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Monday, 20 June 2011

Function 4 Junction Part 2 - The 50s


Around 1950 the technology (or design) improved enough to allow front widscreen glass to be curved - but not enough to make a full curved windscreen. The cars of these years thus still retained split windscreens, but the two sides were now made from curved sections. The rear windscreen was always smaller, and thus could be mouded in one curved piece.


This was the decade of Rock'n'Roll, teenagers, crusing to the soda fountain and dancing to music on a Wurlitzer jukebox.  American car makers started to add more and more gadgets and designs to their vehicles, competing for a growing market.

Factories that had been built to produce bombs and tanks now pumped out cars, fridges, and other luxuries that we now take for granted. America had suffered nearly zero infrastructural damage in WW2, and 5% of the world's population enjoyed 95% of the luxuries it could produce. It was a good time to be American, and the cars show it.


In 53 the split windscreen was finally replaced with a one piece screen. A exterior sun visor was available (presumably at an optional extra cost), before makers realised that putting the visors inside made them easier to adjust.



The car above is a remarkable find, bought in 1953 and more or less put straight into storage, it has just 16,000 miles on the clock, and is in near-mint condition with almost no restoration. Two-tone exterior paint jobs (and two-tone interior trim), white wall tires, and bright chrome trim are typical of this era.


The dashboards of this era start to look like jukeboxes too. Compare with the muted tones in the 40s vehicle below.


I do like the design of the door panel here, with the door handle and window winder matching the lines of the handle and trim. There is an art deco feel to it.



Bench seats were also common at this time, and lots of chrome on the inside as well as out.



They didn't have built-in GPS units in the 50s, that's a later addition. This car is in beautiful condition, yet clearly used a lot if it's worth putting the GPS in.


The 55 Chevrolet Bel Air seemed to be the most heavily represented car in the show. I think the cars above and below are both 55s, the one above has the GPS and modified interior.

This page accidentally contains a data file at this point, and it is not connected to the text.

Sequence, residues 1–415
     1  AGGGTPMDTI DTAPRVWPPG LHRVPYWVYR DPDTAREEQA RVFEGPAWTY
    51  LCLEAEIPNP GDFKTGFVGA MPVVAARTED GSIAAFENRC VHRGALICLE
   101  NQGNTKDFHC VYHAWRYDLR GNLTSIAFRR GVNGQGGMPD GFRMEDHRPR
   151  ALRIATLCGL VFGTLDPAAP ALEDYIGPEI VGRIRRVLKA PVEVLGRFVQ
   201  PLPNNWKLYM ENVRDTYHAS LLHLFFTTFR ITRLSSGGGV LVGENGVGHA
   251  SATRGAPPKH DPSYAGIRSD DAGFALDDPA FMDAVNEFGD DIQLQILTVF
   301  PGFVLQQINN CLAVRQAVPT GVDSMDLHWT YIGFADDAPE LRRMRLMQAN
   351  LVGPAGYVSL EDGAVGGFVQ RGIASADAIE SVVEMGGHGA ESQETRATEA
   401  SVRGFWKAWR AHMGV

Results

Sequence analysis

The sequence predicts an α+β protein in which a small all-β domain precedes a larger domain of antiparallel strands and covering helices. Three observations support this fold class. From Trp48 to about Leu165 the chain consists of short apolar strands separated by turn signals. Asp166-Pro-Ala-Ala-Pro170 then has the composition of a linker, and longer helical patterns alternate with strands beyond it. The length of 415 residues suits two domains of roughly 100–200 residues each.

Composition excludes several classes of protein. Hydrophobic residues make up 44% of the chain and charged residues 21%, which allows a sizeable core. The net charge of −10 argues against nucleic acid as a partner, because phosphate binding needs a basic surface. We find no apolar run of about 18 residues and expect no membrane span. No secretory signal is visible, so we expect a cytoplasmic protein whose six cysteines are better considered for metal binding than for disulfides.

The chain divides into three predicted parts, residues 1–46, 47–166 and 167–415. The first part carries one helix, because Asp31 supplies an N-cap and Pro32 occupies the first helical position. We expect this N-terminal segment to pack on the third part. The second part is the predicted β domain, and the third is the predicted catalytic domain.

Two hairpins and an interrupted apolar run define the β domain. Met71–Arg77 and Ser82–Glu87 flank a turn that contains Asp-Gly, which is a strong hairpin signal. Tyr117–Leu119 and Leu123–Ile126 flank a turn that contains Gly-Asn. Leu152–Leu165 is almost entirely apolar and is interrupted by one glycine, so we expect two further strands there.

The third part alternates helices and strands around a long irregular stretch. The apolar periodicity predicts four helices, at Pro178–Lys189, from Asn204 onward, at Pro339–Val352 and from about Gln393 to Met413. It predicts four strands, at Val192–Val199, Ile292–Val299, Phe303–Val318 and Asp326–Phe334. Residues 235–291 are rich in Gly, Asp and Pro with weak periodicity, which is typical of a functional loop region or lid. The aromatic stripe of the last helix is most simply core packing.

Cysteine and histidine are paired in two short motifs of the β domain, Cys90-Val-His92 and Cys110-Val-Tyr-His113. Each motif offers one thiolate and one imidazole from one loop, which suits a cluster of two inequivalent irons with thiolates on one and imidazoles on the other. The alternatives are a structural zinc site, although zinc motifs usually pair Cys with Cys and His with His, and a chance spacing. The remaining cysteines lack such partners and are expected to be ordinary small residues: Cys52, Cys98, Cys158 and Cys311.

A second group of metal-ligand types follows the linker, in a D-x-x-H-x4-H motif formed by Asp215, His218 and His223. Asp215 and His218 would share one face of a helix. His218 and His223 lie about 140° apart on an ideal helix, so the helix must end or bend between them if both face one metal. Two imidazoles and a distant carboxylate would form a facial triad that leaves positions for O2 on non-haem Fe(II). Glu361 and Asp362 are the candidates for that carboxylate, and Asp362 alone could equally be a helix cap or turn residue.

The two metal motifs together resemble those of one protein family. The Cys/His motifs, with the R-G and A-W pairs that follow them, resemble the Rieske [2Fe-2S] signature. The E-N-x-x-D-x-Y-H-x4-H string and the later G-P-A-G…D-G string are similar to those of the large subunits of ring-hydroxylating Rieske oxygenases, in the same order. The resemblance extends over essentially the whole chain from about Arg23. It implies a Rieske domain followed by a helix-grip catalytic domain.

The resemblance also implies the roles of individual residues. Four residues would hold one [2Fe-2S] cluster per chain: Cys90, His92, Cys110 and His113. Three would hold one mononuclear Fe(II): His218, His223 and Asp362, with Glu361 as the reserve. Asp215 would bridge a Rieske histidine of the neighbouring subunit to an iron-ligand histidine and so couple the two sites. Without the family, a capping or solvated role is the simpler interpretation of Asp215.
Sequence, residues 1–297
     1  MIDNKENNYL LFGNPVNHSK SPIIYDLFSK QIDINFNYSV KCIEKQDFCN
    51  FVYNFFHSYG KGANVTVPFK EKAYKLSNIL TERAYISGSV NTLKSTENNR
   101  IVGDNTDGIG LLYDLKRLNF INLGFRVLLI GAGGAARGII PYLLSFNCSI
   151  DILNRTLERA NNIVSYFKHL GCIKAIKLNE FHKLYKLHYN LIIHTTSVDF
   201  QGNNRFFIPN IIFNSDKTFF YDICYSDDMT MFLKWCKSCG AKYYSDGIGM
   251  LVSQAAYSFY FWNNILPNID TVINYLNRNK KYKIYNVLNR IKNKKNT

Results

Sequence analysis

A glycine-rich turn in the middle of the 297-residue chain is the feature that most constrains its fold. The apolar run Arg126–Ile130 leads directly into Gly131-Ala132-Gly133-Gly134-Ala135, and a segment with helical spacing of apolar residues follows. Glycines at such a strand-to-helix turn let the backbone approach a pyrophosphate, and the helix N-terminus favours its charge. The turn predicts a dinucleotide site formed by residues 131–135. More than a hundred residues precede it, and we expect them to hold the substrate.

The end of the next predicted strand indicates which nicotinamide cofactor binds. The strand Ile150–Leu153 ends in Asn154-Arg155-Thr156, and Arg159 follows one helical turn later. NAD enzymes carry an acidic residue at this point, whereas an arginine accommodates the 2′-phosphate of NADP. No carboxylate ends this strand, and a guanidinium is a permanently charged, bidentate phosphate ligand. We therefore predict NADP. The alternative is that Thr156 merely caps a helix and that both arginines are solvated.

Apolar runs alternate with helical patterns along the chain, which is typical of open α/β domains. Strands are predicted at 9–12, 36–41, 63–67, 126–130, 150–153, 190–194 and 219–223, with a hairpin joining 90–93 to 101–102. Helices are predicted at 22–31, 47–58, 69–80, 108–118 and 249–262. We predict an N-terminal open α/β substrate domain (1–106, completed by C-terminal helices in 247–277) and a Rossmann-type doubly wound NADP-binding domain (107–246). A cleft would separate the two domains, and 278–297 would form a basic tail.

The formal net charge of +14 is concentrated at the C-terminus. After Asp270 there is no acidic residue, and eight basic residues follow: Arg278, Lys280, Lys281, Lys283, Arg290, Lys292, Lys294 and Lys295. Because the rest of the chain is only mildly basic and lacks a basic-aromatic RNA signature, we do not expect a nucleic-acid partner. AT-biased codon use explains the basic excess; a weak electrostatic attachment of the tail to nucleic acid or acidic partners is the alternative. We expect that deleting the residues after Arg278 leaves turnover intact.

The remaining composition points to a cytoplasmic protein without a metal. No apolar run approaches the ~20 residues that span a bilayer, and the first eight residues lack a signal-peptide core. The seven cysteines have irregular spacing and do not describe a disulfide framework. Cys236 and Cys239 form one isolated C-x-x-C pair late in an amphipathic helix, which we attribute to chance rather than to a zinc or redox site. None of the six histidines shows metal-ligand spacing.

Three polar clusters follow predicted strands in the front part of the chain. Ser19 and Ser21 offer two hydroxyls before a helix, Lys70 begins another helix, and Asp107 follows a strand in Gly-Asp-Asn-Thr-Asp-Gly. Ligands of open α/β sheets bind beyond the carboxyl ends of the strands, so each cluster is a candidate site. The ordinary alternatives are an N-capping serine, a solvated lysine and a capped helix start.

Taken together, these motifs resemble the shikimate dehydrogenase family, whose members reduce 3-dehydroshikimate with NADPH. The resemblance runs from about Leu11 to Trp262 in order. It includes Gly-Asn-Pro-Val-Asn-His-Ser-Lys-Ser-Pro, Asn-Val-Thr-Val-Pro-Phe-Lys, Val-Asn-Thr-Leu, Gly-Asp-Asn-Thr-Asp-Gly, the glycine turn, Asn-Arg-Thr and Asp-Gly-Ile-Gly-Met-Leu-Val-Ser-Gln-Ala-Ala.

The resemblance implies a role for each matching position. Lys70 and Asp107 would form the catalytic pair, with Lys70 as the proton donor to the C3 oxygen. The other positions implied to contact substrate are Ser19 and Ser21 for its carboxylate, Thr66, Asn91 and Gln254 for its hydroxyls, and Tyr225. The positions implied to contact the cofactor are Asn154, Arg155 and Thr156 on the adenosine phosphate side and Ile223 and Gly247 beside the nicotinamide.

The 56 Chevrolet Bel Air (above) was much like the 55 but with a light redesign. Nowadays car manufacturers do a redesign every 2-3 years, so to do one every year shows how popular it was to buy a new car during the 50s.


Not sure what make this one is. The paint is a modern custom, so I'm not sure how much else is original.


A rare Ford (in this show). I doubt that Chevrolets outsold Fords to a huge extent, but maybe they made better collector cars. There's less visible chrome on this late 50s Ford than on the Chevys.


I'm pretty sure this is a 56 Chevrolet Bel Air.


I know this is a Chevrolet (the bird/plane on the hod proves that), but I can't find any online images that match it. The glass roof may thus be original, or a very good later addition.




This is a Ford F100 Pickup, I think from 1955. Running boards lasted longer on pickups because they were still necessary for getting into the cab, and even modern pickups have to have some form of step for a high cab.



Is it a bird? Is it a plane? It's a Chevrolet hood ornament from the mid-50s.


Towards the end of the decade the manufacturers started lowering rooflines and lengthening the bodies,  adding fins to the rear wheel arches, and strange taillights and curves on the rear end. Curves were squared off, straight lines held sway.

To my eye, the golden age of American Motoring was coming to an end. The Interstate Highway system was developing, and more and more people were driving further from home.


Next Blog Post:

The 60s and 70s

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